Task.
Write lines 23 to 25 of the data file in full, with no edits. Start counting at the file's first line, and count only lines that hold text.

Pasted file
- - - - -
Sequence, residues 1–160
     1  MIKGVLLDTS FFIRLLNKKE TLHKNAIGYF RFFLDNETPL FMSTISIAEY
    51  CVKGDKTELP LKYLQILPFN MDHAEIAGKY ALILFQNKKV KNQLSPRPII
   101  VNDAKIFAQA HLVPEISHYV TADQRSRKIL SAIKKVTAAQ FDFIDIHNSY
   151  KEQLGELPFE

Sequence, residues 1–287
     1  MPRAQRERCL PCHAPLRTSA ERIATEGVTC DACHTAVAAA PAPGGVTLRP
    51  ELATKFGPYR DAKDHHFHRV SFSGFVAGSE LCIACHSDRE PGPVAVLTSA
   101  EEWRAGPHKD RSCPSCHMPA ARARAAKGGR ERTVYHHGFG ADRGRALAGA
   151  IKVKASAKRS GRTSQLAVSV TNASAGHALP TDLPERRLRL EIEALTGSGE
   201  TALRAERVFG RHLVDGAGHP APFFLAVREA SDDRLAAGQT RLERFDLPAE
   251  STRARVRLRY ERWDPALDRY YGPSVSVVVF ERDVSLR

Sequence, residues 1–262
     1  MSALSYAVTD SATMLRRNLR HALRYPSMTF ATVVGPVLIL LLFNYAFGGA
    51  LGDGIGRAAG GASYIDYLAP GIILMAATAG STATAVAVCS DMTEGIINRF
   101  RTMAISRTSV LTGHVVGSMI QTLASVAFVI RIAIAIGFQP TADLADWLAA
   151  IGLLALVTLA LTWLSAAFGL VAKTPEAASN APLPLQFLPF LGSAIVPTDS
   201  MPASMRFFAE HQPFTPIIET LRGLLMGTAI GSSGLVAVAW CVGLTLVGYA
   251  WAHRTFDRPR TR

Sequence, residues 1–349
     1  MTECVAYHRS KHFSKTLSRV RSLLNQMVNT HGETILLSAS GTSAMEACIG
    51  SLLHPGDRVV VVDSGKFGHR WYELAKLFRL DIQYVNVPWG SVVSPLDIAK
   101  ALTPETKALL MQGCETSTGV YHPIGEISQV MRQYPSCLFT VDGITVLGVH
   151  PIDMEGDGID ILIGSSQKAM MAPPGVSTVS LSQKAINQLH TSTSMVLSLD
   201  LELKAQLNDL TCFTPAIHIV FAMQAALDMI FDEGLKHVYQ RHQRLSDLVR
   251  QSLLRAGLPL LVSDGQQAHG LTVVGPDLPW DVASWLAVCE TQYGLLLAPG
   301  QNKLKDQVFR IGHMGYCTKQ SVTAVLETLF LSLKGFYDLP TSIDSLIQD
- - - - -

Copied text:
   101  ALTPETKALL MQGCETSTGV YHPIGEISQV MRQYPSCLFT VDGITVLGVH
   151  PIDMEGDGID ILIGSSQKAM MAPPGVSTVS LSQKAINQLH TSTSMVLSLD
   201  LELKAQLNDL TCFTPAIHIV FAMQAALDMI FDEGLKHVYQ RHQRLSDLVR